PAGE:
Anti-fake news law to be re-defined, not abolished: Mahathir

KUALA LUMPUR • Malaysian Prime Minister Mahathir Mohamad said yesterday that an anti-fake news law introduced by the previous administration will be given "proper" definition, making it clear to the media and the public what is fake.

"Even though we support freedom of press and freedom of speech, there are limits," Tun Dr Mahathir said in a live telecast on state TV.

 

Abolishing the anti-fake news law was one of Dr Mahathir's campaign promises, but his latest comments point to a re-defining of the controversial law rather than removing it altogether.

"The fake news law will be given a new definition so that the public and media outlets will know what is fake news and what is not fake," he said. Former prime minister Najib Razak's government approved the Anti-Fake News 2018 Bill last month, which set out fines of up to RM500,000 (S$169,000) and a maximum six years in jail for violators.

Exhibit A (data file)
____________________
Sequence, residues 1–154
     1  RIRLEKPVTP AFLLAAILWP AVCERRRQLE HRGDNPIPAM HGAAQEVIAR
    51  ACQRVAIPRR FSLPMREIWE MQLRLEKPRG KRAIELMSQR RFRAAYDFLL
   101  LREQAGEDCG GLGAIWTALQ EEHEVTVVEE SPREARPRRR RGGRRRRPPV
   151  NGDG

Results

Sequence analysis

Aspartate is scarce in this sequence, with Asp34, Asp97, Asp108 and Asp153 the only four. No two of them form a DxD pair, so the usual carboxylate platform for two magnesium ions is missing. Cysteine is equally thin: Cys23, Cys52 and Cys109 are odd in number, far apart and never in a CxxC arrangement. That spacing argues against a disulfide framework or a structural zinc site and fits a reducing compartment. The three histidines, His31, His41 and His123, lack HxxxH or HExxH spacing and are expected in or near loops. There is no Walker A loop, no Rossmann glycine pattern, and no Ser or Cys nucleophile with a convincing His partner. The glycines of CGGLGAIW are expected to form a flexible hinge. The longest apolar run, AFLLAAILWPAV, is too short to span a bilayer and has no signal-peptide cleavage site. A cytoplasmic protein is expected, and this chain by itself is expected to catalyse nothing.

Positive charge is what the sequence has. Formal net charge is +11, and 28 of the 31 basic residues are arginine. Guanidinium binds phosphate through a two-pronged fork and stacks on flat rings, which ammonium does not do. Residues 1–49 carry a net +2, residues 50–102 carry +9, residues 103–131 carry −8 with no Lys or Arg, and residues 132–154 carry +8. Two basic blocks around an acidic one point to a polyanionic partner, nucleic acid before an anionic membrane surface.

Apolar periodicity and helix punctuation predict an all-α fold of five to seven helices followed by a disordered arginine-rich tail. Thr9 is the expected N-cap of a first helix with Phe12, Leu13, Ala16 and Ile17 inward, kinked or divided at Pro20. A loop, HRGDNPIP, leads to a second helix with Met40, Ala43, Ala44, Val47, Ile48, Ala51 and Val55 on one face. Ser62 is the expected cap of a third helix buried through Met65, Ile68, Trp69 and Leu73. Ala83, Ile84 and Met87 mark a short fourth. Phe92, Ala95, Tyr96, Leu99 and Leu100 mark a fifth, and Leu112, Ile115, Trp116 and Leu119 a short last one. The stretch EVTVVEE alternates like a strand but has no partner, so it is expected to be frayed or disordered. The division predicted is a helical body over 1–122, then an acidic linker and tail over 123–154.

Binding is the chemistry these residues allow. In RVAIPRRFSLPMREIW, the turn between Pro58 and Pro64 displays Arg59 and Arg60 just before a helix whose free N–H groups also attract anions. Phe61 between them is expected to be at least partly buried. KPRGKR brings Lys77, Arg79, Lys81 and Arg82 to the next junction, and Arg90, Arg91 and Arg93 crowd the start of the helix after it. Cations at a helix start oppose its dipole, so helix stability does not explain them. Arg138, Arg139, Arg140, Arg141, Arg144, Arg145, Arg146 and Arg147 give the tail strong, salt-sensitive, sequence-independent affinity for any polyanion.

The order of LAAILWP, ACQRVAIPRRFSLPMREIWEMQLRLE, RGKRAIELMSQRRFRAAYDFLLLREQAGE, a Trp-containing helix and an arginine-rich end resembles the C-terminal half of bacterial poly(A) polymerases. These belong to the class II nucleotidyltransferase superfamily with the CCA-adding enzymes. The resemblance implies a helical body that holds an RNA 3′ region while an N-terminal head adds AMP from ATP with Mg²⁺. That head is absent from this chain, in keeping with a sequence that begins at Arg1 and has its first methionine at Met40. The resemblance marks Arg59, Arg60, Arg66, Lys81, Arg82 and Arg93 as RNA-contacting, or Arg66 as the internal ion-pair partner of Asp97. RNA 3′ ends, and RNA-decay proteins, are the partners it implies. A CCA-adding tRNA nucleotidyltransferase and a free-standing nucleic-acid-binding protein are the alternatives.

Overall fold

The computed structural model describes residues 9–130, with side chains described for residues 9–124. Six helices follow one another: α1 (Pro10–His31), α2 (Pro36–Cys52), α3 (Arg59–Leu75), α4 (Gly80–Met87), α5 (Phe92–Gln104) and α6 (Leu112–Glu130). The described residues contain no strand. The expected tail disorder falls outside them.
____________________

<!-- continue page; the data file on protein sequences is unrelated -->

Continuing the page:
Dr Mahathir, when he was prime minister for 22 years to 2003, used security laws to put his political opponents behind bars, and his critics say he restricted free speech and persecuted political rivals.

The current law defines fake news as "news, information, data and reports which is or are wholly or partly false" and includes features, visuals and audio recordings.

It covers digital publications and social media, and will apply to offenders who maliciously spread "fake news" inside and outside the country, including foreigners, if Malaysia or a Malaysian citizen is affected.

Malaysia is among the first few countries to introduce a law against fake news it. It already has an arsenal of laws, including a Sedition Act, to clamp down on unfavourable news and social media posts.

 
A version of this article appeared in the print edition of The Straits Times on May 14, 2018, with the headline 'Anti-fake news law to be re-defined, not abolished: Mahathir'. Print Edition | Subscribe